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Experts Say NFT Job Opportunities to Grow During Sales Boom

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There may not be a lot of NFT-related job opportunities currently floating around the market, but experts believe that will all change as the NFT market continues to see a boom in sales and gain mainstream traction.

NFTs are digital certificates of ownership of collectibles that can be bought and sold, and they are already penetrating markets in gaming, and creating new marketing tech such as NFT SEO, which we have implemented at Gamactica.

“NFT capabilities have never existed before and employers are wrapping their heads around how to attract this new-age talent,” Raj Kapoor, chief advisor at aCryptoverse said, during an interview with MoneyControl. “The growth in this sector has just begun and we will see a major uptick in the hiring space as NFTs move beyond the realms of digital art into the mainstream.”

Trading volumes of NFTs reached nearly $11 billion during Q3 of 2021, marking a new 700% increase from Q2, according to analytics platform DappRadar.

“We also applaud talent and accurate executions much more than ever before,” Pratik Gauri, founder of 5ire added. “What is also occurring with us is that immediacy remains critical at all times. Our staff needs to take this opportunity as something they are passionate about and have it in their blood to do well. There’s plenty of help and coaching available and someone’s always there to lend a hand, which gives the applicants a great opportunity to grow.”

“I believe the platform for its real use isn’t ready yet and it could become more practical for its users in the coming years,” Chintan Jain, CFO of Amaze-World.com said. “The need to build practicality and infrastructure throughout the metaverse will lead to the growth and demand for NFTs. There is certainly no doubt that this is just the beginning of a new era for digital collectibles.”

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Labor Board Says Activision Blizzard Illegally Threatened Staff

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The United Sates National Labor Board says that Activision Blizzard, the publisher behind such games as Call of Duty and Overwatch, illegally threatened staff and enforced a social media policy that conflicts with workers’ rights, according to Bloomberg.

This yet another negative mark on the company, and comes following a complaint filed with the NLRB filed against Activision Blizzard that claims employees were being threated for discussing wages and working conditions via the company’s internal Slack channel.

If Activision Blizzard does not settle this issue, the company will receive a formal complaint from the National Labor Relations Board’s regional director in Los Angeles.

 

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Take-Two Interactive Acquires Zynga

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Take-Two Interactive has officially completed it’s acquisition of mobile studio Zynga, following shareholder approval from both parties being completed last week.

With the acquisition, Take-Two now owns all outstanding shares of the company for approximately $12.7 billion, in what that company is describing as a “pivotal step” in their plans to expand their mobile side of offerings..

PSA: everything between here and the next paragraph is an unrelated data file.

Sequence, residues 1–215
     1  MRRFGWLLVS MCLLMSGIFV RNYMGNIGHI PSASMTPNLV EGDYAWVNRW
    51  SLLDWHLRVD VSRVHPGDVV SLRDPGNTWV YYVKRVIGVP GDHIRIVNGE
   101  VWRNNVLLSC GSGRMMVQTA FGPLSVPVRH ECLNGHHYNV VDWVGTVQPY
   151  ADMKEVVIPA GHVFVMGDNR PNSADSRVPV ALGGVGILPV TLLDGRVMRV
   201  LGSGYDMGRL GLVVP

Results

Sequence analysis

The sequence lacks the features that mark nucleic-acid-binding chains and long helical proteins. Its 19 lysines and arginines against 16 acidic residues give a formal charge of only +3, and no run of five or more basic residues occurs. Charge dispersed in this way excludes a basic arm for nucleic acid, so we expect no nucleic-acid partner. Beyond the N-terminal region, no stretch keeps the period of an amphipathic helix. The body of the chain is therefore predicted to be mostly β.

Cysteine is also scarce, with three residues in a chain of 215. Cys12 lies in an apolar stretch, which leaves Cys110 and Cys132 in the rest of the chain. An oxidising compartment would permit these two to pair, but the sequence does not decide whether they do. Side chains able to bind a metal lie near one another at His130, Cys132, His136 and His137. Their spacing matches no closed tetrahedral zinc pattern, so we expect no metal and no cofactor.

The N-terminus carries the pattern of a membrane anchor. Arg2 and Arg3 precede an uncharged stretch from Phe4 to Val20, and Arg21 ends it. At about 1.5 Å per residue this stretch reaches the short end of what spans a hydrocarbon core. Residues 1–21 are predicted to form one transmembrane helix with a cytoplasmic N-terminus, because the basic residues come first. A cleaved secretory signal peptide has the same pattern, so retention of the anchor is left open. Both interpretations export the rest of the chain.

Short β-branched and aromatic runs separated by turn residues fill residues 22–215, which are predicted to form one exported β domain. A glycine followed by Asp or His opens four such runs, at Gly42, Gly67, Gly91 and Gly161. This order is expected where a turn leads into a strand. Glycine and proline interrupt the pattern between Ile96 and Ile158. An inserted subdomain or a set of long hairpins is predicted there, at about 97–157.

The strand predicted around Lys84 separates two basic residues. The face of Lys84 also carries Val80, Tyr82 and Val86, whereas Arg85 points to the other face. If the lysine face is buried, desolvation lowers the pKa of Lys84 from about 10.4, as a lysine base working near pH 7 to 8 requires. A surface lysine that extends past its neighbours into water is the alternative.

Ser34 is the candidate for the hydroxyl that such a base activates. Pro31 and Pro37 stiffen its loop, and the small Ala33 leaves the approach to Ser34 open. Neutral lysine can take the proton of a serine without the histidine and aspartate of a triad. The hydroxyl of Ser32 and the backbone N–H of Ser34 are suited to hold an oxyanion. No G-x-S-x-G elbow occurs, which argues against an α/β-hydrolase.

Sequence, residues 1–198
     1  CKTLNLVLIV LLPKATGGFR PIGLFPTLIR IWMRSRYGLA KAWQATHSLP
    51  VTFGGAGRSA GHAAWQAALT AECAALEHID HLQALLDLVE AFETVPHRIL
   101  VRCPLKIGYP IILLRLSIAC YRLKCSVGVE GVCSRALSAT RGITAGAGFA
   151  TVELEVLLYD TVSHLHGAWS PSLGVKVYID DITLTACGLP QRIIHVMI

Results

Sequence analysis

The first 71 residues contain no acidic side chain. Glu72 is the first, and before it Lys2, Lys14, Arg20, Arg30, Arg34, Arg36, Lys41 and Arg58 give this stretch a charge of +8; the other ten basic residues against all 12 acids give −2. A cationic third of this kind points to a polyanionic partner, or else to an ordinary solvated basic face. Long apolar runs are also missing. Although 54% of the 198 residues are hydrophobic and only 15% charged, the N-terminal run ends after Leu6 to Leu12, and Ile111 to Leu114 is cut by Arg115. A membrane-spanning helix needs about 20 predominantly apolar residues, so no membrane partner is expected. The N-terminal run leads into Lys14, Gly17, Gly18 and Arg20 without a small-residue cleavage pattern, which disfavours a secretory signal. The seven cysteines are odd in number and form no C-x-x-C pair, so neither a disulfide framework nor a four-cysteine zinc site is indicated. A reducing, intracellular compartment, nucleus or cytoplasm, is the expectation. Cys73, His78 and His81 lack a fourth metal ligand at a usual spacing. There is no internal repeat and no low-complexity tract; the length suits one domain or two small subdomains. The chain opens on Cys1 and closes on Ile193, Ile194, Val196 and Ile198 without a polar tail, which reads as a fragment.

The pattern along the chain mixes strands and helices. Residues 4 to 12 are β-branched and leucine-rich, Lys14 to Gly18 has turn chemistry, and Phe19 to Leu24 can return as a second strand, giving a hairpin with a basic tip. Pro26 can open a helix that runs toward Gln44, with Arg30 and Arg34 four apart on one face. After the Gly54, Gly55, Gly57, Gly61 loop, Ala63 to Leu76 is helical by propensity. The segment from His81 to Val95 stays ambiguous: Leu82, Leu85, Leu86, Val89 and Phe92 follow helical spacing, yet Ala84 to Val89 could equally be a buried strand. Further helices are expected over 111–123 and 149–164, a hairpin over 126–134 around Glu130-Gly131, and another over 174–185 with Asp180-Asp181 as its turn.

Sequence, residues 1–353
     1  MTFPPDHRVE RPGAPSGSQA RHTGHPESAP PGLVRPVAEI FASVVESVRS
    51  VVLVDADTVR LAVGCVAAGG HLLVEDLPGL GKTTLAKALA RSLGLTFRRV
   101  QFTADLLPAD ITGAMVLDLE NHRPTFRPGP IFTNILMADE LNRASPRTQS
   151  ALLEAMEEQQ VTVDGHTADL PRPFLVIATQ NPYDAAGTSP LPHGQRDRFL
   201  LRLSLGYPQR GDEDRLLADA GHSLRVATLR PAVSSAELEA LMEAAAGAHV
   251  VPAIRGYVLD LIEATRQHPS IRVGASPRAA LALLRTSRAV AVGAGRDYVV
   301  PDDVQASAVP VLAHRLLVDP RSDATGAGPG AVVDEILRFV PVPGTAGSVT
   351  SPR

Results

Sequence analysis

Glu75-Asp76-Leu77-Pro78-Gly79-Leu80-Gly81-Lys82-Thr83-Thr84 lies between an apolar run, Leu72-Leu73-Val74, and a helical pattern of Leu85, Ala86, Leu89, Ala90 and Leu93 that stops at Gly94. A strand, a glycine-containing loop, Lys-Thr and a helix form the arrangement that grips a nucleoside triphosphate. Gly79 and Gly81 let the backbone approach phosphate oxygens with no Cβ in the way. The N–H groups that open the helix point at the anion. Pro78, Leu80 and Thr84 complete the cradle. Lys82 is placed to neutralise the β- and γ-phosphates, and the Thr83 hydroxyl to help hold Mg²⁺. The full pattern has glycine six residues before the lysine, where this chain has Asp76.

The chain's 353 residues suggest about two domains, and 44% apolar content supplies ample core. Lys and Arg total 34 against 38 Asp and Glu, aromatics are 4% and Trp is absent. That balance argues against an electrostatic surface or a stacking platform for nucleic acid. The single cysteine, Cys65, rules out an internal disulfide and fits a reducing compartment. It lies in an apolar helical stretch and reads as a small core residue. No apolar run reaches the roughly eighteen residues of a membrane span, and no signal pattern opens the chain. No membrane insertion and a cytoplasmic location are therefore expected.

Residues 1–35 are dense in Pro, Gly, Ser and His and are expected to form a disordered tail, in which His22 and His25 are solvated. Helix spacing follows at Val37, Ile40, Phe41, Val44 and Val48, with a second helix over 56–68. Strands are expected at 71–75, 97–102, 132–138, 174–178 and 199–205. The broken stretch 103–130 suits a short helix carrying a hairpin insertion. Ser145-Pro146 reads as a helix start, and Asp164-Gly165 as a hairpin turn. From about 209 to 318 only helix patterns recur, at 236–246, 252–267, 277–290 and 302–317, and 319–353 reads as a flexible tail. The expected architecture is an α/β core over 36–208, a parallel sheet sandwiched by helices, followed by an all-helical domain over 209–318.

“We are thrilled to complete our combination with Zynga,” Take-Two chairman and CEO Strauss Zelnick said in an official announcement. “As we bring together our exceptional talent, exciting pipelines of games, and industry-leading technologies and capabilities, we believe that we can take our portfolio to another level of creativity, innovation, and quality.

“We are eager to continue building an unparalleled portfolio of games that will reach broader markets and lead to continued growth for this next chapter of Zynga’s history” Zynga CEO Frank Gibeau said.

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Tencent Releases Q1 Financial Results, Gaming Accounts for 32% of Revenue

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Chinese tech juggernaut Tencent has released it’s Q1 financial results, which ended on March 31st, and show a reported total revenues of RMB 135.5 billion ($21.3 billion), which is in-line with the $20.2 billion reported back in Q1 of 2021.

Additionally, Games account for 32% of Tencent’s $21.3 billion in revenue.

According to GamesIndustry.biz, Tencent profits are down 52% from RMB 23.7 billion ($3.7 billion), operating profit was down 15% year-on-year to RMB 36.5 billion ($5.8 billion). Operating margin decreased from 32% in Q1 2021 to 27%.

In regards to Tencent’s gaming side of the business, the revenue for domestic titles (those in China) sow a slight dip of 1%, attributed to “direct and indirect effects” of measures implemented in China to protect minors from excessive gaming.

Titles such as League of Legends: Wild Rift and Fight of The Golden Spatula saw a rise in revenue, but were offset by the declines in Call of Duty Mobile, among other titles.

In regards to titles outside of the market in China, gaming revenue spiked 4% year-on-year to RMB 10.6 billion ($1.6 billion), largely due to the success of Valorant and Clash of Clans, but Tencent did report a decline in revenue from PUBG Mobile, explaining “as user spending normalized post-COVID.”

Domestic games accounted for 24% of the company’s total quarterly revenues, slightly down from 25% in Q1 2021, with international games accounting for 8%, a rise from 7%.

Read more, including comments from Chief strategy officer James Mitchell, over at GamesIndustry.biz.

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